# Tree Traversal, Depth first and Breadth first in Haskell

Lately I’m really digging Functional Programming, and especially Haskell. I’ve been reading Real World Haskell, which is a very nice free book about Haskell.

Today I was wondering what Breadth First traversal was. Of course I should know this and it’s stupid I forgot. To make sure I wouldn’t forget in the future I made a little exercise to improve my Haskell skills, and to make sure I wouldn’t forget the Breadth First algorithm anymore.

Depth First and Breadth First are two different ways of traversing a tree. It is best illustrated by the following images from Wikipedia:

### Depth First

#### Pseudo (JS) code

Quite simple code

```
function DFS(G) {
return [G.value].concat(DFS(G.left), DFS(G.right))
}
```

### Breadth First

A bit more complicated code:

```
function BFS(G) {
queue = []
queue.push(G)
set = []
while (queue.length) {
t = queue.shift()
if (t.left) queue.push(t.left)
if (t.right) queue.push(t.right)
set.push(t.value)
}
return set
}
```

## Traversal in Haskell

First we have to define a data type for the Tree:

```
data Tree a = Empty | Node a (Tree a) (Tree a) deriving (Show)
```

### Depth First

The Depth First traversal in Haskell is very easy. If you look at the pseudo code, we can almost directly translate that to Haskell.

```
traverseDF :: Tree a -> [a]
traverseDF Empty = []
traverseDF (Node a l r) = a : (traverseDF l) ++ (traverseDF r)
```

This is simply, concatenate the `a`

with the tree on the left and then on the
tree on the right, by recursively calling `traverseDF`

.

### Breadth First

Breadth First is more difficult. If you look at the pseudo code there is some queue, which we kind of have to replicate, to make sure that first the root node is added to the resulting set, then the nodes at the first level, second level and finally the leaves.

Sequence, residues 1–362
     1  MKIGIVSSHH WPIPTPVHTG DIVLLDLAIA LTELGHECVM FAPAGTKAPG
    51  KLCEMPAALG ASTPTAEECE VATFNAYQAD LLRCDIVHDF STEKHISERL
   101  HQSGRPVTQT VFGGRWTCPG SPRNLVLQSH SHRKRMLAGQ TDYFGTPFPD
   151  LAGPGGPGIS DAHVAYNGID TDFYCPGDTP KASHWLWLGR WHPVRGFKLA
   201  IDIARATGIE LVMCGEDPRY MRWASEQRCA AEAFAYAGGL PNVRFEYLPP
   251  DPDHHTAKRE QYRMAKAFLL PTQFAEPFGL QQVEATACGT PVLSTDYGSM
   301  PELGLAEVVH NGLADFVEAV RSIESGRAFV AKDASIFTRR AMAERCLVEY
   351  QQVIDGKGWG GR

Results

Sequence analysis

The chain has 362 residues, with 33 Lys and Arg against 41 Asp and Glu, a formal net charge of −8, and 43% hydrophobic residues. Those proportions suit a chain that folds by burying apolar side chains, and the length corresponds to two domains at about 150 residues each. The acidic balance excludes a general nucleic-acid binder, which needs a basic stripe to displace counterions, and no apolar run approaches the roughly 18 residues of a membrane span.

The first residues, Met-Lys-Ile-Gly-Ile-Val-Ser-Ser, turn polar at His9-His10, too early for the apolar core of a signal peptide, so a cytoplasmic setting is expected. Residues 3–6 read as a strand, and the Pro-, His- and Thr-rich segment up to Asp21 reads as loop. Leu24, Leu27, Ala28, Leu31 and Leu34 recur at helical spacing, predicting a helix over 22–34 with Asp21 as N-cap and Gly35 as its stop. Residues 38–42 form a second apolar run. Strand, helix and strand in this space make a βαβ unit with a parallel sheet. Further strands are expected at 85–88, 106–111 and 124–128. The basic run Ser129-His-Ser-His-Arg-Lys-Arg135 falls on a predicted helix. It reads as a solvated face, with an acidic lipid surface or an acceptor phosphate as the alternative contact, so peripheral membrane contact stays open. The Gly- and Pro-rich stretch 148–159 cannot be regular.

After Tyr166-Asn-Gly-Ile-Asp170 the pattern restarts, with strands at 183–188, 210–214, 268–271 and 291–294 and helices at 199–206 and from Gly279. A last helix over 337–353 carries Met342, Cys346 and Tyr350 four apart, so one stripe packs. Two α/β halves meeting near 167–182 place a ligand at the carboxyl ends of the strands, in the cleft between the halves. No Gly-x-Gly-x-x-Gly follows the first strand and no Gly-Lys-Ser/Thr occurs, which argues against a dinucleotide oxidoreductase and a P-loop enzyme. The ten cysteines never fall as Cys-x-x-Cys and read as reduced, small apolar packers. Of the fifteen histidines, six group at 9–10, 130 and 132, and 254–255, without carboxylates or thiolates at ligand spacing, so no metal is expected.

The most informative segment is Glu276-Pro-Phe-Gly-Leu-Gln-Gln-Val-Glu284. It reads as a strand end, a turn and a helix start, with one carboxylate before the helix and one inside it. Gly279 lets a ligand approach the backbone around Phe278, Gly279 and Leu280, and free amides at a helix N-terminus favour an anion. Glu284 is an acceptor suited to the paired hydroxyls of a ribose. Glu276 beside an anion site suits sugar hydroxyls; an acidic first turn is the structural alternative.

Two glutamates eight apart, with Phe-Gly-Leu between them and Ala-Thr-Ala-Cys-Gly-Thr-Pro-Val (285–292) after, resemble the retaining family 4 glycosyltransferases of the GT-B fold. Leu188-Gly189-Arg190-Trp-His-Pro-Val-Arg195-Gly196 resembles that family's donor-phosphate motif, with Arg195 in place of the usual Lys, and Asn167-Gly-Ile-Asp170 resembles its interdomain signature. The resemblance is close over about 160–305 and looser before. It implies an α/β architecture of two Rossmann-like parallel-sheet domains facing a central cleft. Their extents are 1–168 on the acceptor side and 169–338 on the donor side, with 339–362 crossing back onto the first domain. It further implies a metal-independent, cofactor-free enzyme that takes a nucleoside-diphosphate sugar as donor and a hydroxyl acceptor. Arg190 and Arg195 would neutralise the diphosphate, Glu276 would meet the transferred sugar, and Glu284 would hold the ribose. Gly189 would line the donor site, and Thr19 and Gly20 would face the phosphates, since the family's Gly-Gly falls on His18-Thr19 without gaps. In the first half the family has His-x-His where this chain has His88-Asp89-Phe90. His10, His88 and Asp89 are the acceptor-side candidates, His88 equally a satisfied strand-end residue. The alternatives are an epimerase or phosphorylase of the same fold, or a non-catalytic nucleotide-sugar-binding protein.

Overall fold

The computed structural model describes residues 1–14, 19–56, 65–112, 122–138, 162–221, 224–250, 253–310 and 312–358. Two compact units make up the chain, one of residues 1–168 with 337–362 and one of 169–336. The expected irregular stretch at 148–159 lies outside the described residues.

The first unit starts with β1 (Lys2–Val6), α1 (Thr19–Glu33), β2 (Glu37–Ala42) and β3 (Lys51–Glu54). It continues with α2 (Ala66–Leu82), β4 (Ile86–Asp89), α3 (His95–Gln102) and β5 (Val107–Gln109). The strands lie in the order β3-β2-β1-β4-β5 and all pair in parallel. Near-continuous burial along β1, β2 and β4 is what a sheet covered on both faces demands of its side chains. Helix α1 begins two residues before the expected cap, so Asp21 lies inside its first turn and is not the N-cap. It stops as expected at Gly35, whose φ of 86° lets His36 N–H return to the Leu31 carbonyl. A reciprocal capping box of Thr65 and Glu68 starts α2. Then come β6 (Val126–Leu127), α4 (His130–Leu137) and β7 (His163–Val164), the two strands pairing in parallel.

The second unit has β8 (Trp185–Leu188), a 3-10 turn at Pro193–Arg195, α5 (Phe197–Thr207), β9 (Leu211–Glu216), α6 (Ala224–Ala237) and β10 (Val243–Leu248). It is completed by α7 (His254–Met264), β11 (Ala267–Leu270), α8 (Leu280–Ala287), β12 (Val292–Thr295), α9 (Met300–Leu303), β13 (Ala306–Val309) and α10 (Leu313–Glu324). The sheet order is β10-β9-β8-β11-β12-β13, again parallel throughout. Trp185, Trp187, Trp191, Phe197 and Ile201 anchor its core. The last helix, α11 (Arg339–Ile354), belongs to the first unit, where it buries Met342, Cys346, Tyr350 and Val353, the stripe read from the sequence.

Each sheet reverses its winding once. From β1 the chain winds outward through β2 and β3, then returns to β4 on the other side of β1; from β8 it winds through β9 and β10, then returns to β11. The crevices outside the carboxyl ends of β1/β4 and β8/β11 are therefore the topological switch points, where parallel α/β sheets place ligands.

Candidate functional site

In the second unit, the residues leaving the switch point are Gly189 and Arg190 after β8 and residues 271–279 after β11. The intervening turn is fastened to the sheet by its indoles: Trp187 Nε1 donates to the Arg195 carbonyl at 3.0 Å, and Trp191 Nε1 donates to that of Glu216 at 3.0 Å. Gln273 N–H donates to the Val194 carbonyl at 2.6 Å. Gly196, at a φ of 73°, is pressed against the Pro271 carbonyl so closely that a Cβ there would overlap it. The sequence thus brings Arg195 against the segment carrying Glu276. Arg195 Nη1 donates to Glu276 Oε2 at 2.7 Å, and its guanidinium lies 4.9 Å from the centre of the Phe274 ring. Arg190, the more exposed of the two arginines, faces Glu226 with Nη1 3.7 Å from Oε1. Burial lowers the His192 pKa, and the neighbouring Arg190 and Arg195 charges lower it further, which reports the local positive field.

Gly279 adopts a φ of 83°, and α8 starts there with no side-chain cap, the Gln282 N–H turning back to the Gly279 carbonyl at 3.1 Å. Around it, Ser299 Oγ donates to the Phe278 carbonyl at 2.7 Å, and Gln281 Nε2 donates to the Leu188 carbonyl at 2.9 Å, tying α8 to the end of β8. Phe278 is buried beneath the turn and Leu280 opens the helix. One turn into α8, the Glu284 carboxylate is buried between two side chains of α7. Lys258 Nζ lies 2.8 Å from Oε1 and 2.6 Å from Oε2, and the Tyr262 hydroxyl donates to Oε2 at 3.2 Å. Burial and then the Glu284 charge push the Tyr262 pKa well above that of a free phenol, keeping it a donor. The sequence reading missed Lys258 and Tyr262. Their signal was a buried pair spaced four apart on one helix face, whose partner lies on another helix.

```
traverseBF :: Tree a -> [a]
traverseBF tree = tbf [tree]
where
tbf [] = []
tbf xs = map nodeValue xs ++ tbf (concat (map leftAndRightNodes xs))
nodeValue (Node a _ _) = a
leftAndRightNodes (Node _ Empty Empty) = []
leftAndRightNodes (Node _ Empty b) = [b]
leftAndRightNodes (Node _ a Empty) = [a]
leftAndRightNodes (Node _ a b) = [a,b]
```

At `tbf [tree]`

we add the root node to the queue list. Then with
`map nodeValue xs`

the values of the nodes of this level are added to the
resulting list. Then the `tbf`

function is called again with all the nodes of
the next level. The `leftAndRightNodes`

returns a list of the left and/or right
nodes of a node. These are concatenated with the other child nodes, and then
recursively called with `tbf`

, until all levels of the tree are traversed.

### It works!

So now we have two functions, `traverseDF`

and `traverseBF`

, so what are the
results. So lets define some tree first:

```
createTree = Node 'A'
(Node 'B'
(Node 'C' Empty Empty)
(Node 'D' Empty Empty)
)
(Node 'E'
(Node 'F' Empty Empty)
(Node 'G' Empty (Node 'H'
(Node 'I' Empty Empty)
Empty
))
)
```

And run this in GHCI:

```
> let x = createTree
> traverseDF x
"ABCDEFGHI"
> traverseBF x
"ABECDFGHI"
```

And indeed, these are the results we would expect!

## Conclusion

Now I won’t forget which algorithm is which, and I improved my Haskell skills a bit. Of course I did Google/StackOverflow for this problem a little, and should mention this blogpost, which basically the algorithm I used.